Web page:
What is unique about College Results?
Data, data, data – it’s everywhere you look, but rarely organized in a clear and concise way that can help students, families, policymakers, researchers, and advocates find all the information they need in a one-stop shop. College Results (CR) presents a host of publicly available data all in one location and helps users easily access key data about a variety of colleges and universities.
First, the site’s emphasis is on student success and value. What do graduation rates look like over 4 years, 5 years, and 6 years? By race/ethnicity? By gender? College is far too expensive not to consider its value – what chance of success do students get in return for their investment?
Second, CR’s peer group functionality sets it apart from other college search sites. The tool constructs peer groups of “similar colleges” to give users a reference point against which to compare the graduation rate of their school of interest. It would not make much sense, for example, to compare Harvard’s graduation rate with an open-access college. Instead, the peer groups are mathematically designed to help users understand how their selected institution compares to similar institutions that serve similar students. In most cases, graduation rates, enrollment, persistence, and completion vary tremendously within peer groups, with some institutions far outperforming their peers.
The possibilities for this tool are endless: Students and families can make more informed decisions about which institution is the best fit for them; policymakers and researchers can identify top-performing institutions to research successful practices;and institutions can benchmark progress according to their peer groups.
Why can’t I find the institution I’m looking for?
College Results includes four-year institutions that have graduation-rate data available and are eligible for federal Title IV student financial aid. Unless otherwise noted, most graduation rates are three-year rolling averages for first-time, full-time, non-transfer, bachelor’s degree-seeking students. These rates are updated annually. Colleges and universities that do not admit these students—or have not been in existence long enough to have a three-year rolling average—are not included in College Results. If you can’t find the institution you’re looking for, search the federal government’s College Navigator site (www.collegenavigator.gov).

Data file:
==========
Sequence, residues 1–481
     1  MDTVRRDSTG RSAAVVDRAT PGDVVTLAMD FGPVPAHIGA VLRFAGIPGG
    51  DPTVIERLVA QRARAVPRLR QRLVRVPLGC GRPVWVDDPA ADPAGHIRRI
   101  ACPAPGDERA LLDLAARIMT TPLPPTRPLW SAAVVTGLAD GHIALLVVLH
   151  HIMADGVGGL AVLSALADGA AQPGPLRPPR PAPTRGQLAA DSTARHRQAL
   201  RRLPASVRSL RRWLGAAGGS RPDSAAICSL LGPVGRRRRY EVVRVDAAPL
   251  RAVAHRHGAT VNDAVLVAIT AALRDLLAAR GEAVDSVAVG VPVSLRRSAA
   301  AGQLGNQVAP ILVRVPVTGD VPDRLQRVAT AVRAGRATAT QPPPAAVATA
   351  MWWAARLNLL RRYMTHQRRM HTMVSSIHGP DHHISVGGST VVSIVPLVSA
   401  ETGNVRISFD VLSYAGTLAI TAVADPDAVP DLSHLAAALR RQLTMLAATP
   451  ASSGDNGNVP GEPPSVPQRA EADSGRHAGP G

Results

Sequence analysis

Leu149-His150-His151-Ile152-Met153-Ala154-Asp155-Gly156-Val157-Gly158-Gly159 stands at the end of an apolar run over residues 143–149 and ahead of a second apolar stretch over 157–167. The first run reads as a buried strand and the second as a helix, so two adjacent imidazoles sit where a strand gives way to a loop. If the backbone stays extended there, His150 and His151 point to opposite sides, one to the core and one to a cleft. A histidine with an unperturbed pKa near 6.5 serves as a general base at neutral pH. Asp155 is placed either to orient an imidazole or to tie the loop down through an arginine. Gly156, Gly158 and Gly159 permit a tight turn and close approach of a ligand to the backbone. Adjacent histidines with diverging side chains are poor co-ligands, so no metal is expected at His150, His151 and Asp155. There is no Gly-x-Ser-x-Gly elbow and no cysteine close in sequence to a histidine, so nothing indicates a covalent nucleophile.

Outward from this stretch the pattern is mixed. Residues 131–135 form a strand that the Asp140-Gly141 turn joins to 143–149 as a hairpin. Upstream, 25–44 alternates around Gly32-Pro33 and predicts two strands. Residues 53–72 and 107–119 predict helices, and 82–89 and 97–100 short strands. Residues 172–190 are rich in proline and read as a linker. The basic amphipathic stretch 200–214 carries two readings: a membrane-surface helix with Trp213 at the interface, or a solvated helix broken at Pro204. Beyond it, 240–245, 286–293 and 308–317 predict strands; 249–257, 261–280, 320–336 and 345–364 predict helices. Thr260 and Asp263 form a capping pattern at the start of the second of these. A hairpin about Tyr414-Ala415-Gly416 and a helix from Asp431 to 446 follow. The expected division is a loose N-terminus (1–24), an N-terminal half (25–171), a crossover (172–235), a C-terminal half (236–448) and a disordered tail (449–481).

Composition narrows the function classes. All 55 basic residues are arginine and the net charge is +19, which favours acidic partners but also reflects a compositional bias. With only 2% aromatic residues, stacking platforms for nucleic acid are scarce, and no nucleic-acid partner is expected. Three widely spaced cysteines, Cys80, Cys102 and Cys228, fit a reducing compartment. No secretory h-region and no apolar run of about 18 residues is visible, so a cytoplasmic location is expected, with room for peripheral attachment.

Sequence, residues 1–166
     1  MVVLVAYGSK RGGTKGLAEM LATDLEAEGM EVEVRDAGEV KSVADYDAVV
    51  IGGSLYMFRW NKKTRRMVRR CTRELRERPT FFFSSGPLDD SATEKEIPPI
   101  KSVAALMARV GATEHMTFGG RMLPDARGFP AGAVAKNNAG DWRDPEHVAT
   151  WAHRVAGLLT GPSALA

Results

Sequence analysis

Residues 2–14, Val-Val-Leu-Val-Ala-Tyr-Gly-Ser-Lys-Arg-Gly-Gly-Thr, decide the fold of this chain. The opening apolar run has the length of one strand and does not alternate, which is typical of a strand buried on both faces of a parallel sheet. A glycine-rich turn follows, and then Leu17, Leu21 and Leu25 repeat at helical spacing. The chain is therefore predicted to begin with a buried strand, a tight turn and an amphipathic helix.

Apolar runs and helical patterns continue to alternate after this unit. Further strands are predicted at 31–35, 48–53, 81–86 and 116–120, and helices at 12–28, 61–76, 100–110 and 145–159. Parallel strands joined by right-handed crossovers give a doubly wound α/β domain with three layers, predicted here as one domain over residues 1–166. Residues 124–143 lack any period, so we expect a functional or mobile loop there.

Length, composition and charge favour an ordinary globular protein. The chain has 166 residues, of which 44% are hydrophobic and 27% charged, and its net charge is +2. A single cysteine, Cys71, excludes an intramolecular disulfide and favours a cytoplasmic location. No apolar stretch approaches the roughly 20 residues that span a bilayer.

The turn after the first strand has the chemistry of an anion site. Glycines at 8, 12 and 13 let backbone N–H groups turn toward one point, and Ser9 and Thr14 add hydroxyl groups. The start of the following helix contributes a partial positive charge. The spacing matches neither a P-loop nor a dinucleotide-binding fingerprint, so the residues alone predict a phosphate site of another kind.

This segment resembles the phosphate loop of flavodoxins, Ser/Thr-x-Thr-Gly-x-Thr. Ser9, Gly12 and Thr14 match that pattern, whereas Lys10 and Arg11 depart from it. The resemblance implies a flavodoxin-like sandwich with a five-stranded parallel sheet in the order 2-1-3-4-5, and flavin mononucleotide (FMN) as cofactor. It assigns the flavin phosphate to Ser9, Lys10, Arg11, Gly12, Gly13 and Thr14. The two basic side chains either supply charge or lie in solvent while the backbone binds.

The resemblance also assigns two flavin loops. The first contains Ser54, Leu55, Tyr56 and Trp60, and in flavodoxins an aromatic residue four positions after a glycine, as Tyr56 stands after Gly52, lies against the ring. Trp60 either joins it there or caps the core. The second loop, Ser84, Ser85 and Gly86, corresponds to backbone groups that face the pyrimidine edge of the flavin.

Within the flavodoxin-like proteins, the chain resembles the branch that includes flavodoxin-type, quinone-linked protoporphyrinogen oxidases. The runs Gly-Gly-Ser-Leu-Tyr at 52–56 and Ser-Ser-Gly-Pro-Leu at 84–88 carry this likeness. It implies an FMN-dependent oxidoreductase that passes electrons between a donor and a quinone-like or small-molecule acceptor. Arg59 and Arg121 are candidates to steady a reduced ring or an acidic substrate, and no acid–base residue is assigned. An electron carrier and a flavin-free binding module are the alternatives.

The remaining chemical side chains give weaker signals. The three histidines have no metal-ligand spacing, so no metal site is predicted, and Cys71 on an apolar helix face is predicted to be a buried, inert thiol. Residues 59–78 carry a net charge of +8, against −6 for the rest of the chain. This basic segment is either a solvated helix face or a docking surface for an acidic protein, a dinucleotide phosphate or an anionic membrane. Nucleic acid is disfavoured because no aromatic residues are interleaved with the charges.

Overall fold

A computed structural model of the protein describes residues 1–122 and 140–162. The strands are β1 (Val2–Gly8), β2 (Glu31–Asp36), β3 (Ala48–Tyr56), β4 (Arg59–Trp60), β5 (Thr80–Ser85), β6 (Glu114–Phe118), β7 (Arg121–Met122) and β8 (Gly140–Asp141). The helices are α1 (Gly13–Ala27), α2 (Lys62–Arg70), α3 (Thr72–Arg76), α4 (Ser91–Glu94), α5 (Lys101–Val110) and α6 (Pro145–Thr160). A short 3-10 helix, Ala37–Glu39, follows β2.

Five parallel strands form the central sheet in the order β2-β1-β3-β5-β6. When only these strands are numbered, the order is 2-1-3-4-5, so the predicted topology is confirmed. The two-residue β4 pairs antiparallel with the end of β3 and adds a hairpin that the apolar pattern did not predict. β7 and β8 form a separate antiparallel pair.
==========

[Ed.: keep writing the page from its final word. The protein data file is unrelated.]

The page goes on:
How should we cite your data?
- We welcome your use of this data in your research or presentations. We simply ask that you cite:
© 2022. College Results, The Education Trust. All rights reserved.
I noticed an error in your data. How can I get it corrected?
If you believe there is an error in the data your institution initially submitted to the federal IPEDS database, please contact us at firstname.lastname@example.org.
Caution Regarding Small Sample Sizes?
At some institutions, the number of first-time, full-time undergraduate students in a given freshman cohort can be very small, particularly when graduation rates are broken down by both gender and race/ethnicity. It is important to note that small cohorts often have unstable graduation rates. When using the “compare ” colleges function, please refer to the " Reported First-Time, Full-Time Undergraduate Enrollment" column under the Student Characteristics tab to see how many full-time freshmen that college enrolled.